Tom Crawford: Terminal Milwaukeean
As the longtime station manager at WMSE, Tom Crawford knows a thing or two about community. It’s what powers the station—and, by extension, what provides his livelihood—but his connection to the city goes far beyond work. Crawford is a lifelong Milwaukee resident, steeped in the neighborhoods and traditions that make up this strange place we call home. Over the past year, he has been the focal point of Ex Fabula’s “Terminal Milwaukee” storytelling series, using his experiences to illuminate the history and character of our fair city. Before the series’ lavish finale Saturday, April 28 at Alverno College’s Pitman Theatre—which promises bagpipers, gospel singers, and punk rockers in addition to stories—The A.V. Club caught up with Crawford to talk about what motivates the series, and why, if you don’t like Milwaukee, you should shut the hell up and leave.
The A.V. Club: How did you get involved with Ex Fabula as a performer? Was it something you had wanted to do for a while?
Tom Crawford: Ex Fabula had been doing their story slams for probably close to a year, and they asked me a couple times if I wanted to tell a story. For certain reasons—a combination of work and my own fears—I was able to kind of avoid it. Then suddenly I heard one of the storytellers and thought it was just awesome. The theme for one of the slams was “Busted,” so I volunteered and got to speak that night. I was the last storyteller, and as I was walking out, they were onstage announcing the winners and I thought, “There’s no way I won, there were so many great storytellers, it’s time for me to go.” And as I was walking out they said, “The winner is Tom Crawford.”
AVC: How did that experience grow into a full-fledged series? Was it your idea?
TC: I ended up telling a story at their all-star event, and based on the stories that I told at the “Busted” slam and the all-star event, David Ravel, his wife Phylis, and a few other people thought there was something there. David Ravel says, “Why don’t we go out for coffee?” So I go to Alterra on Prospect, and I thought I was having coffee with just David, and suddenly I get there and there are all the Ex Fabula people. I’m like, “You guys just leaving? I’m here to have coffee with David.” And they were like, “Actually, we’re here to have coffee with you.”
AVC: Was it focused on the city from the outset, or did that come about later?
TC: I can’t tell you how to tell a story; I don’t know how. I can’t say I know how my narrative goes, what my structure is, that I know where my callbacks are or where my reoccurrences are, I can’t tell you any of that. I just have things up inside my head that I just tell people. That’s all I really do. What was noticed, what I was told by others, was that the stories were deeply tied to geographic detail—that being Milwaukee. That’s where it gets personal. That’s how it makes sense to me.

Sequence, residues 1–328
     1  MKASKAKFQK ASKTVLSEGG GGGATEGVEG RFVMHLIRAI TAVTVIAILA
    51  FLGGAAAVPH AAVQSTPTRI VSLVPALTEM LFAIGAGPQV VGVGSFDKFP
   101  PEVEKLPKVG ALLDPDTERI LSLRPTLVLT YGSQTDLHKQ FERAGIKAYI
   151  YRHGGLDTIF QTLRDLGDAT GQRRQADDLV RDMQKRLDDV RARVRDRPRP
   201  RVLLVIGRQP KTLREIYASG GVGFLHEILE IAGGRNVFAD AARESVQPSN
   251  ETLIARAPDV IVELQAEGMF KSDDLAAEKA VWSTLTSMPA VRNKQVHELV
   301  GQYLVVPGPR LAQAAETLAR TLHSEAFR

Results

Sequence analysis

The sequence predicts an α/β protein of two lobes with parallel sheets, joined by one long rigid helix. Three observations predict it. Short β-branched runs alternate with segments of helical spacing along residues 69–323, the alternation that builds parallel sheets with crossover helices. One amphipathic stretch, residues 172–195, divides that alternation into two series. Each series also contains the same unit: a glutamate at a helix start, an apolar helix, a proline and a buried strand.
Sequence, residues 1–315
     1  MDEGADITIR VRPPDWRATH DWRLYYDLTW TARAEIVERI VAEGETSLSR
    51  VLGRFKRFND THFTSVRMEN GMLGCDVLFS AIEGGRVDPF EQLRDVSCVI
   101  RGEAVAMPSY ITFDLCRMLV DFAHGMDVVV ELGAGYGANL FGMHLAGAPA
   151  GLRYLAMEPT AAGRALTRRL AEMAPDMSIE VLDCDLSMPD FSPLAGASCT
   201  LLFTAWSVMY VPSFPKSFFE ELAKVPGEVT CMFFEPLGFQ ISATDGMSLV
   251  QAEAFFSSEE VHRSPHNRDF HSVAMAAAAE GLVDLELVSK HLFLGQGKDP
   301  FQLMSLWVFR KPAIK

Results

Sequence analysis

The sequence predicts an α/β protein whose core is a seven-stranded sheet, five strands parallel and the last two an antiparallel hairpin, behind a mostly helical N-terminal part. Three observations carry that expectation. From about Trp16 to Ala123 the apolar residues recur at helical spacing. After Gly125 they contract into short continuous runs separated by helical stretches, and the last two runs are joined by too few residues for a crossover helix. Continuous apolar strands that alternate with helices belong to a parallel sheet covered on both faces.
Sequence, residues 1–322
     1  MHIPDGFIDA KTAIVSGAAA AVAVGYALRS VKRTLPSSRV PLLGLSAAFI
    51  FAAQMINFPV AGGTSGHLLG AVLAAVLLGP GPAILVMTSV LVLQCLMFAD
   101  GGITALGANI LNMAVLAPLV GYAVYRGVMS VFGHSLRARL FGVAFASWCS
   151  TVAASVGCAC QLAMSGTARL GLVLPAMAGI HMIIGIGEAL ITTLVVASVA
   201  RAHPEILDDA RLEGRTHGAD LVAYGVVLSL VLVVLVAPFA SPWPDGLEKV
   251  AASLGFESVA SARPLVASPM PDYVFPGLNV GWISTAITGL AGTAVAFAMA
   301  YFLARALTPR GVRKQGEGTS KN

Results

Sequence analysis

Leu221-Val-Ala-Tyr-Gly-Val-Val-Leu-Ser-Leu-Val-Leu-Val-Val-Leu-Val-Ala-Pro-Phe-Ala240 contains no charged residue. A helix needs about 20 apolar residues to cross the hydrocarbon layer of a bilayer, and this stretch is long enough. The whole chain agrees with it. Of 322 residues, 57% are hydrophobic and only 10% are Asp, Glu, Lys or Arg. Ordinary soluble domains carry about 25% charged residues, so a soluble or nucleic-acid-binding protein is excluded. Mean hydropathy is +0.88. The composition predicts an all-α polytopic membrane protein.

AVC: Once it became about Milwaukee, how did it become “Terminal” Milwaukee?
TC: I got very upset one day in a coffee shop when a couple of guys who were standing in line said that they hated this city. They were just waiting for their coffee and the guy goes, “This town sucks.” I had so much going on—I had a father who was dying of cancer, we were on the verge of a pledge drive, I had relationship issues, and it was everything all at once. I was like a borderline psychotic. I just needed that one last thing to set me off, and these two guys handed it to me on a platter. I just completely lit them up. I said, “What about the baristas who are waiting on you? What about the bars you guys went to last night on Water Street? What about all those people waiting on you, the barbacks, the door people, the DJs? You ever go to concerts? You go to art galleries and museums? You ever go to street fairs or festivals? What keeps you here? If you don’t like it, I think both of you should just call Mayflower movers and get a plane ticket and get out of here.”
I just realized, at that moment, how much I love the city. Then, a few months later, I was being interviewed and the guy told me, “Describe yourself.” Why not just ask me, “What’s your favorite color?” right? So I said, “Well, you know, I’m just a terminal Milwaukeean.”
AVC: Terminal in the sense that it’s going to kill you?
TC: Life will kill you. No, when I say “terminal,” it means that it’s a condition that is chronic, that there’s no cure. My condition about my city is chronic. I look at it this way: Blessed or cursed with a terminal condition, you’ve got to embrace life and live it to its fullest. I choose to be here, and if you think my city sucks, then I guess I’m terminally here. But I’m going to have the best fucking time anyone can possibly have, make the absolute best of it. I’m going to embrace it, because I know I’m not going to be able to do it forever.